Nevertheless, we believe that the Revision Committee’s proposal to make provision for the statutory transfer of jurisdiction to complementary bishops could be the basis for a way forward. However, we will need to evaluate the full details of the proposals carefully when they become available in order to assess them properly.

Posted in * Anglican - Episcopal, * Culture-Watch, Anglican Provinces, Church of England (CoE), CoE Bishops, Women

Full Statement of the Revision Committee on Women in the Episcopate in the C of E

The Revision Committee established by the General Synod to consider the draft legislation on enabling women to become bishops in the Church of England today completed the first phase of its work. The Committee has further meetings planned between now and December and is aiming to complete its task by Christmas so that its report can be debated in full Synod in February and the draft legislation begin its Revision Stage in full Synod.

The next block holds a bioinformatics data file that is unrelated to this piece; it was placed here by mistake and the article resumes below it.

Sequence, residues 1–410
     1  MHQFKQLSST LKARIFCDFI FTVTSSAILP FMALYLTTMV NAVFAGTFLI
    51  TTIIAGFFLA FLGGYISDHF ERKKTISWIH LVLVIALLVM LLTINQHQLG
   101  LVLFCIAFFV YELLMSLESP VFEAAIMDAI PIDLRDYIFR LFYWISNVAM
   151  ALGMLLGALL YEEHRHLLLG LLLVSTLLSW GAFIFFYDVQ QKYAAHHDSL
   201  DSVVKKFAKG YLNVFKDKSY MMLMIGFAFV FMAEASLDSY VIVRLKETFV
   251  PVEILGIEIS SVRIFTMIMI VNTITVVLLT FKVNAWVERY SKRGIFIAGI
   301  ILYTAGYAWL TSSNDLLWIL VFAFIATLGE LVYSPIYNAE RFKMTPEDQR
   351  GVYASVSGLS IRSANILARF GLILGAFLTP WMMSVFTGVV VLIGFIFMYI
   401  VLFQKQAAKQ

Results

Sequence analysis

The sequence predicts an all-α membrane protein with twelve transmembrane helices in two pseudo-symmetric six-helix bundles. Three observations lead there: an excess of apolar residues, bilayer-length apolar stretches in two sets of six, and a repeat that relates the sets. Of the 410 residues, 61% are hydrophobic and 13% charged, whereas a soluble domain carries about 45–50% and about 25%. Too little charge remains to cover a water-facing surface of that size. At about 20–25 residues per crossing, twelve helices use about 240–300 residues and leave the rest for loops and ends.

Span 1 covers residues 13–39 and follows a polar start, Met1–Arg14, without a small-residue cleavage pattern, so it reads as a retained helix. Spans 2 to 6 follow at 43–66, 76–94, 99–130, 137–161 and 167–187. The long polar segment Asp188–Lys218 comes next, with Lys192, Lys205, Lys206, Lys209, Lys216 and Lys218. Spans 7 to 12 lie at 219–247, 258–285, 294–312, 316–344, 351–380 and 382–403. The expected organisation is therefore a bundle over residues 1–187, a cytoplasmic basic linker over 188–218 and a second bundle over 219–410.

The Committee received nearly 300 submissions, including more than 100 from members of General Synod. Many of these offered alternatives to the proposal in the draft legislation to make provision by way of statutory code of practice for those unable on grounds of theological conviction to receive the episcopal and/or priestly ministry of women.

In the seven meetings that it has held so far, the Committee has considered each of these alternatives: additional dioceses; the vesting by statute of certain functions in bishops with a special responsibility for those with conscientious difficulties; the creation of a recognised society for those with conscientious difficulties; and the adoption of the simplest possible legislation without a statutory code of practice.

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Posted in * Anglican - Episcopal, * Culture-Watch, Anglican Provinces, Church of England (CoE), CoE Bishops, Women

21st Century Babies–The Gift of Life, and Its Price